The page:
Sophie Scholl (1921-1943)
was a German student and principal organizer of the White Rose non-violent resistance group in Munich during the Second World War. Growing up as a leader in the Hitler Youth as the Nazis took over all aspects of German society, Sophie managed to educate herself against their indoctrination. Her singular story remains an inspiration and an important lesson even today.
Fritz Hartnagel (1917-2001)
was a German Army Officer trained at the Potsdam Military Academy. Fritz and Sophie Scholl first met at a house party and began at a relationship that lasted throughout the war.
Forced to swear allegiance to Hitler's Army, Hartnagel served on both Eastern and Western fronts where he witnessed SS atrocities. He wrote to Sophie Scholl about these horrors.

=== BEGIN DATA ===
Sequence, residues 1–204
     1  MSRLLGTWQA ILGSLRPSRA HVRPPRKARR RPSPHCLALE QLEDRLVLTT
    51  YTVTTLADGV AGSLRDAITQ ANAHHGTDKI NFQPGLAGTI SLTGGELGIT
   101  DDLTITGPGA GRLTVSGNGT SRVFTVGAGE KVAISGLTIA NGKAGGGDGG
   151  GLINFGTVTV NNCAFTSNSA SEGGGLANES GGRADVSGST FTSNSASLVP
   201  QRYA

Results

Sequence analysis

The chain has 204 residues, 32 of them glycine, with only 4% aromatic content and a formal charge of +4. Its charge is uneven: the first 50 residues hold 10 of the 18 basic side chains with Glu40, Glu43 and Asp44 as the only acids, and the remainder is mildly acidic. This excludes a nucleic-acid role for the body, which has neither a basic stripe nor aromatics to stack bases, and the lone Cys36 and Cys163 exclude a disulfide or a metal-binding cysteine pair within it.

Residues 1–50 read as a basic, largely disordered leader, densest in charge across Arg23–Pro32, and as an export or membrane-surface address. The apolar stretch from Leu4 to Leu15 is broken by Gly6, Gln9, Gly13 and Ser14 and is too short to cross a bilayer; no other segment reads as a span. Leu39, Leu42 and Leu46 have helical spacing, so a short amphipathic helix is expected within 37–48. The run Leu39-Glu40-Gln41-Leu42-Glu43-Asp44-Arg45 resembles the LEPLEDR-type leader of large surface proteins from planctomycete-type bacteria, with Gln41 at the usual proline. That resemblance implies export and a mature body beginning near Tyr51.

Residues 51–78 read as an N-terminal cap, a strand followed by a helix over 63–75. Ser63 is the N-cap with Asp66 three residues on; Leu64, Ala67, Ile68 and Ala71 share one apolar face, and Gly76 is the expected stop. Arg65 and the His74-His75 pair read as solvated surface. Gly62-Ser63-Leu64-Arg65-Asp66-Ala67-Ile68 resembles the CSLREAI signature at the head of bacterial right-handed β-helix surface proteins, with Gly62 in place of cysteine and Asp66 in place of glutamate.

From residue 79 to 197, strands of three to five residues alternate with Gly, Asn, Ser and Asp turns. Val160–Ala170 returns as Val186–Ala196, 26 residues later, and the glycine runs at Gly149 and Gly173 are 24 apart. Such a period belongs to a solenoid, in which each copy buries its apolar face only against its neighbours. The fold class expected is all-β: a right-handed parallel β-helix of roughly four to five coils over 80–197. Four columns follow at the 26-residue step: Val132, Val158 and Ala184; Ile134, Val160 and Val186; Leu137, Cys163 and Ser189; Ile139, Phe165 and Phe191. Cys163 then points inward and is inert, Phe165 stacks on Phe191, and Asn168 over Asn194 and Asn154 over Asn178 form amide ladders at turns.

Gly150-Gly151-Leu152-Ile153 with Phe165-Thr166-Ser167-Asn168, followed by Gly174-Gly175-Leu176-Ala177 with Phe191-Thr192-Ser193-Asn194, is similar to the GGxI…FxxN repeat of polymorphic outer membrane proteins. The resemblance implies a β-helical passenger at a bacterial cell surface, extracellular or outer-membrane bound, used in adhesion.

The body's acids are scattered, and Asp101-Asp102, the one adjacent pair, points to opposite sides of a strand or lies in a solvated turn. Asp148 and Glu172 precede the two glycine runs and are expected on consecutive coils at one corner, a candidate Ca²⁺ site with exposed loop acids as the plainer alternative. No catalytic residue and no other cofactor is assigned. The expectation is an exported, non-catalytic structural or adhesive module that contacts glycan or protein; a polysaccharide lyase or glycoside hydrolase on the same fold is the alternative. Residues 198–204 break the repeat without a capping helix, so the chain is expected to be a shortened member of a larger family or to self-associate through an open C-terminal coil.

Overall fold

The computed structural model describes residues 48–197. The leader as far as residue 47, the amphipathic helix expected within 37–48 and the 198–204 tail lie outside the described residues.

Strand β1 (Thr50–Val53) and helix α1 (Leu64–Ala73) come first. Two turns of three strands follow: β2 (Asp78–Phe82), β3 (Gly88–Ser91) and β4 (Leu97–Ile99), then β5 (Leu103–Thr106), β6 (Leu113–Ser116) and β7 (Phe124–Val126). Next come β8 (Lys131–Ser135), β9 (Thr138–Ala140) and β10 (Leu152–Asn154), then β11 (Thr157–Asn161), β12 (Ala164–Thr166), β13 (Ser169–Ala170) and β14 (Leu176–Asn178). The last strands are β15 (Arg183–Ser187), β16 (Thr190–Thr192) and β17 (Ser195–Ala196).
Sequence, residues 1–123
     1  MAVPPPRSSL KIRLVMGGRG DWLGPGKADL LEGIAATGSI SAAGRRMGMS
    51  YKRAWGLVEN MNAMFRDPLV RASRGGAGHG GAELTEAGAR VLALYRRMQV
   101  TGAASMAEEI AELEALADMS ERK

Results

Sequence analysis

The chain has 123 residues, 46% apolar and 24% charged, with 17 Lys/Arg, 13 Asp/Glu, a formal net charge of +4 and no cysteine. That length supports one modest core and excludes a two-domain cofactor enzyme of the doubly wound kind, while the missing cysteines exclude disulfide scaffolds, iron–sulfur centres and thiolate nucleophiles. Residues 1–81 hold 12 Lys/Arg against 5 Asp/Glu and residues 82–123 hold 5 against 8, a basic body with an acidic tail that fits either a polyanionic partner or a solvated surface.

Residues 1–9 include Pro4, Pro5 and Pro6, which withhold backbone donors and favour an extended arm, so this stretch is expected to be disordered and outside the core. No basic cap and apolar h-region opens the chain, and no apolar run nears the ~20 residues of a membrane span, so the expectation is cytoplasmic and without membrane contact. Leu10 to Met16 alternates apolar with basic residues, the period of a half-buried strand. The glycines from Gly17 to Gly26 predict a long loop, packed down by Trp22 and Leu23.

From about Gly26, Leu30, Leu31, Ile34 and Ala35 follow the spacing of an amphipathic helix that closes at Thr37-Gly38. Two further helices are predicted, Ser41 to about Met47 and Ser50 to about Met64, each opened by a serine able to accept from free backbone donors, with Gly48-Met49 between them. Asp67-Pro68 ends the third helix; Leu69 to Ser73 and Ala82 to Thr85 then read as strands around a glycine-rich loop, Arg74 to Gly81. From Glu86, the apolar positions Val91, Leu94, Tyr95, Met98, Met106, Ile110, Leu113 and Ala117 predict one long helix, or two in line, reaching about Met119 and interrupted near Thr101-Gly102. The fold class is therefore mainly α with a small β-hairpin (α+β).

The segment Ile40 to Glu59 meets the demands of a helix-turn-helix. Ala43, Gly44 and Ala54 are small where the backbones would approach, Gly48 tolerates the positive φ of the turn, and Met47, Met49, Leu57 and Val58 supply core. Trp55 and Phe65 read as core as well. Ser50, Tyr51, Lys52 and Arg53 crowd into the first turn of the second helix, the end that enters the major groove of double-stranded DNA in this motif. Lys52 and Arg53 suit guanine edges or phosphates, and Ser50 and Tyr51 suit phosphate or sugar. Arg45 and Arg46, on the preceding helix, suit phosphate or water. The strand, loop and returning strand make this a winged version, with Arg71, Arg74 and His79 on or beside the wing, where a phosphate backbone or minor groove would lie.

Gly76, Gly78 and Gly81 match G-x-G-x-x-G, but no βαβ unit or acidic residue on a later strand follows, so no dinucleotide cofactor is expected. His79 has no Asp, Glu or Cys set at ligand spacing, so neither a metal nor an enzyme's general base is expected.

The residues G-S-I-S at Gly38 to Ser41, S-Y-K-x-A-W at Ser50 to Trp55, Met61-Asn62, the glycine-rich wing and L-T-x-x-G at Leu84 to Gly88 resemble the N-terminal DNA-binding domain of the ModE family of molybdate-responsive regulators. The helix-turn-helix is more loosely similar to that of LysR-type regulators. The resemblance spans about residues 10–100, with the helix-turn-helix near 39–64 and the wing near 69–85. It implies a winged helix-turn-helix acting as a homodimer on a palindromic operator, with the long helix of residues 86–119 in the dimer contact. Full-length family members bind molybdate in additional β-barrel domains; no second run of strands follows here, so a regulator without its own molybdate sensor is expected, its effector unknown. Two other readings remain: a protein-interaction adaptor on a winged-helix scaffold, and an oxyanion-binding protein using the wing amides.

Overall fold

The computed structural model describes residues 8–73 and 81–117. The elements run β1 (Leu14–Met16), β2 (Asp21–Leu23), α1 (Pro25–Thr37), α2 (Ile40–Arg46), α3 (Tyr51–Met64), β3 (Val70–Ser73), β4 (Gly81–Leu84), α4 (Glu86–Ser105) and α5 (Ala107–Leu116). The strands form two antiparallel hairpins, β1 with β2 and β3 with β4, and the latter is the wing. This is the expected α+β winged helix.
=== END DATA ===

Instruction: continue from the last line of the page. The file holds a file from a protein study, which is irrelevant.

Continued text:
These first hand accounts motivated Sophie further into active political resistance against the Third Reich.
The White Rose Movement
The White Rose was a non-violent, political resistance group active in Munich from 1941-43. It was comprised of students at the University of Munich. Started by siblings Hans and Sophie Scholl, and fellow student-medic, Alexander Schmorell, they were eighteen members strong at the time of their discovery by the Gestapo and their anti-Hitler leaflets had been distributed to over sixteen German and Austrian cities.